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Michael Stein (left) and Kyle Dixon scored the music for Stranger Things.

Stranger Things soundtrack composers, two ‘synthesiser guys’, try piano for first time in Netflix series’ season 2

Michael Stein and Kyle Dixon came to fame through scoring the first season of hit series Stranger Things. They talk about adding acoustic instruments and being free to explore tone and texture for the new series

Last year the musicians Michael Stein and Kyle Dixon, who have scored the music for Netflix’s Stranger Things, added a relatively unorthodox weapon to their instrumental arsenal. A piano.

“A real, physical piano,” Stein clarifies.

“With keys and strings, which is something we haven’t had prior,” Dixon adds.

Many composers may raise an eyebrow. What Grammy-nominated, Emmy-winning composing team wouldn’t already have a piano?

Until then, Dixon and Stein hadn’t needed one. The once-obscure duo based in Austin, in the US state of Texas, who rumbled into the mainstream in 2016 through their eerie work in the show’s first season, relied on the warm, humming tones of modular synthesisers to soundtrack the travails of Stranger Things’ adolescent detectives.

Perhaps unsurprisingly, Stein added that their new baby grand’s hammered tones have been so processed that viewers might have a tough time “even noticing that we’re using it to any degree”.

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A few years ago when they signed on to a then-unknown Netflix horror series created by Matt and Ross Duffer, Dixon and Stein had little idea how far their commitment would take them – that, for example, they’d wind up at Netflix parties with Laverne Cox, Robin Wright and Dave Chappelle.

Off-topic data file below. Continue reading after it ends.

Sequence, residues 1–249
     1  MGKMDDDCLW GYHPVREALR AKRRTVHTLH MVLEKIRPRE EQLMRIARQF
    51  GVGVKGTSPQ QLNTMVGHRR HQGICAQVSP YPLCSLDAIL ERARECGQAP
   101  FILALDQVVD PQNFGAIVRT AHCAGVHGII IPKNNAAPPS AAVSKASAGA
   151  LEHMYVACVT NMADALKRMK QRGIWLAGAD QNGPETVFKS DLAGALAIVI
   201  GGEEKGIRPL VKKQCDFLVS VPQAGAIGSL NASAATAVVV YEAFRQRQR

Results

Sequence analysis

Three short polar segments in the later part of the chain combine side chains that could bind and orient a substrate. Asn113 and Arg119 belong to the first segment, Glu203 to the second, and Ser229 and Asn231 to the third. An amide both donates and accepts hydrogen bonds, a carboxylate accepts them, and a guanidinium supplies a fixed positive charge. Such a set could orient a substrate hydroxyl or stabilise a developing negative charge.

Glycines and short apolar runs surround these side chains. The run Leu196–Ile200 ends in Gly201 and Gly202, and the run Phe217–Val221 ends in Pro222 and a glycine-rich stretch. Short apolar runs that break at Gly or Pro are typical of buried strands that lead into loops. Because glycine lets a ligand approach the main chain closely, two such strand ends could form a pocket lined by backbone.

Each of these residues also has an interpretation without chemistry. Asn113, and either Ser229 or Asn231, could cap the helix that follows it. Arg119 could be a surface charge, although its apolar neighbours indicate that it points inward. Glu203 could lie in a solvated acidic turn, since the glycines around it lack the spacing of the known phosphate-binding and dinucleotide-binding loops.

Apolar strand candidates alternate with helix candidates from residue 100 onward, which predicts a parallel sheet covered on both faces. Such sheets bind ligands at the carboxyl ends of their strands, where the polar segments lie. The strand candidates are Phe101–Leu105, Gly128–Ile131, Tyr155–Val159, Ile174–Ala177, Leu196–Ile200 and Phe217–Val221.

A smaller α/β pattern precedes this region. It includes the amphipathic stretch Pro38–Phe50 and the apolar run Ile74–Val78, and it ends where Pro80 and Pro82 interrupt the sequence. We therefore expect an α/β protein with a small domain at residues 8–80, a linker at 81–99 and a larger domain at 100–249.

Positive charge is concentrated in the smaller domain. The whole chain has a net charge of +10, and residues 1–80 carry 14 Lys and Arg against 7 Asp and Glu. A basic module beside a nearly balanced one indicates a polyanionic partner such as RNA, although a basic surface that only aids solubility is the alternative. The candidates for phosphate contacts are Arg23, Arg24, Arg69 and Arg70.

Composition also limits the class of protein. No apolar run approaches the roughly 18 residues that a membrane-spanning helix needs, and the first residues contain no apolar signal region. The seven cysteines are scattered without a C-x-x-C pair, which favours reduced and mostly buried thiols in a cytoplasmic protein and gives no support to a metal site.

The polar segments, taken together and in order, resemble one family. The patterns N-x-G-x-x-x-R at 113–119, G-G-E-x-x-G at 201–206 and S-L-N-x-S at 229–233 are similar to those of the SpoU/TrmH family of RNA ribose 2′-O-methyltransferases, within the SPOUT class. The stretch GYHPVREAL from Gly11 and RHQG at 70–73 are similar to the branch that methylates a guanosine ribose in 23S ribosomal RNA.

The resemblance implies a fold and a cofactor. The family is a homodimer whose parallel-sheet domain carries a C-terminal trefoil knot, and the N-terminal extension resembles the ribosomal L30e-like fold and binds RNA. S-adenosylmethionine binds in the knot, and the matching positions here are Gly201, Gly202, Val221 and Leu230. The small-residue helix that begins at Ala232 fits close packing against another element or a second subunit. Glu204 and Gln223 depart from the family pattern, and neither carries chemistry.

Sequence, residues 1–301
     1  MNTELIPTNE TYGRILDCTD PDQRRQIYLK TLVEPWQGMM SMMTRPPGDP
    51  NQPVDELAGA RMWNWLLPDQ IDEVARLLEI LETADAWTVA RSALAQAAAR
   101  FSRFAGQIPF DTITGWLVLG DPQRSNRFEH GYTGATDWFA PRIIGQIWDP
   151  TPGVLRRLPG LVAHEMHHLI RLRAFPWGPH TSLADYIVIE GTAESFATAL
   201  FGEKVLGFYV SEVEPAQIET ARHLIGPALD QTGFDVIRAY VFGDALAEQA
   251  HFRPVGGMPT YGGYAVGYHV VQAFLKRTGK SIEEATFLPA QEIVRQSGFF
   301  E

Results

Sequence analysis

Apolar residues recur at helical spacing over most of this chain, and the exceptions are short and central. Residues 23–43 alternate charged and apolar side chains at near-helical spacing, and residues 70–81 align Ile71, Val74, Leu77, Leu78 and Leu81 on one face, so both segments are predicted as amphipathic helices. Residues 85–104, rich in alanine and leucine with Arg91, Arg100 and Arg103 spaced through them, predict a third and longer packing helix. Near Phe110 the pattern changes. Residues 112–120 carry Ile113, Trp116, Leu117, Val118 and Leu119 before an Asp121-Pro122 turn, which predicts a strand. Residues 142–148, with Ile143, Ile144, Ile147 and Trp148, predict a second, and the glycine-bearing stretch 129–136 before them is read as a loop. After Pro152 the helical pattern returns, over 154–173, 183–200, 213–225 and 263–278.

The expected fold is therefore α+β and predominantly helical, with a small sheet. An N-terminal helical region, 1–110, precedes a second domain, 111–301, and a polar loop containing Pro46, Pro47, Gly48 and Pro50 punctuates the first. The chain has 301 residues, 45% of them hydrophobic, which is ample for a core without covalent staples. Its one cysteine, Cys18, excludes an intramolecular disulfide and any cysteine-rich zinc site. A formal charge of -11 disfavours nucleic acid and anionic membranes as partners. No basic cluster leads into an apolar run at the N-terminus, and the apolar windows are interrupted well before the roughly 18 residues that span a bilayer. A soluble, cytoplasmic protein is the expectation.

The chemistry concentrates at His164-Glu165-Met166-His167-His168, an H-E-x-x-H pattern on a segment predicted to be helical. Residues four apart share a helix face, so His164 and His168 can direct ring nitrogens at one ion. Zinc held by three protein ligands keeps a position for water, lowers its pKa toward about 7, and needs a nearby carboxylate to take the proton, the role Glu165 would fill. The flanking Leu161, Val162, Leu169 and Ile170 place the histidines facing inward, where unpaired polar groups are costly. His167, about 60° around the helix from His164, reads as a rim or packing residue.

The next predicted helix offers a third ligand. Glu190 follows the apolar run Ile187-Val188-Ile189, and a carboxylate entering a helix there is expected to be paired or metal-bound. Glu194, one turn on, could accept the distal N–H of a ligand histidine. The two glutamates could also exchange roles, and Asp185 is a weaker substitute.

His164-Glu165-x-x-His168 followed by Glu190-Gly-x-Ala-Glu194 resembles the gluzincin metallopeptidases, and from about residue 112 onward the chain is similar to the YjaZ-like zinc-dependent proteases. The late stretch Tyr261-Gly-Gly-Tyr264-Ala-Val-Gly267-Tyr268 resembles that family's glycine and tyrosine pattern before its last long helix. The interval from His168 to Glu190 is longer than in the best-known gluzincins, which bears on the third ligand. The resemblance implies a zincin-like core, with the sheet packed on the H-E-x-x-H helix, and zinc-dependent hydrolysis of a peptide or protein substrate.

“There have been so many things that have happened in the last year that it seems like three years,” Dixon says. He added with fake indifference, “It’s like, ‘Sure, I’ll go to a party where Kevin Spacey’s hanging out.’ Why not?”

From left: Gaten Matarazzo, Finn Wolfhard, Caleb McLaughlin and Noah Schnapp in a still from Stranger Things. Photo: Netflix via AP
They were visiting the Moog synthesiser complex in the US state of North Carolina when they learned of their Grammy nominations. Suddenly, they had unexpected interview requests.

“We were like, ‘Oh, sure’,” Stein said. “So then we had newspeople at the Moog lab.”

Adds Dixon: “It was a nice backdrop for an interview like that – ‘Oh, we caught up with these synthesiser guys at the synthesiser factory’.”

He and Stein are erstwhile members of the experimental electronic band Survive. Their work with the group – minimal, haunting, non-acoustic instrumentals – prompted the Duffer Brothers to reach out.

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Drawn to a vibe that recalls horror master John Carpenter’s synth-driven scores for films including Assault on Precinct 13, Halloween and Escape from New York, Stein and Dixon mostly forgo computer-based, cut-and-paste digital tones for anachronistic sounds that reference classic horror scores.

From the start, the Duffers gave the composers the freedom to experiment with tone and texture. “We got lucky,” Stein says, “and it makes it extremely fun.”

Millie Bobby Brown in a still from Stranger Things. Photo: courtesy of Netflix
Going into the second season, the series creators expressed interested in expanding the show’s personality. Citing films including Gremlins, Ghostbusters and Halloween, Stein characterised the goal as conveying “some of the show’s campy fun without being silly about it.”

As well, the two were invited to make what Dixon called “a lot of terrifying story music”, which in season 2 commences with an intense opening scene. The kick-off required the score to be, in Stein’s words, “already stepped up a whole ‘nother level, and we have to keep that momentum through the series”.

As Stein continues, Dixon interrupts, worried that they’ll accidentally give away a plot point.

Pulling back, he tones down his enthusiasm and adds, “but there’s still a lot of melodic, warm, fuzzy stuff.”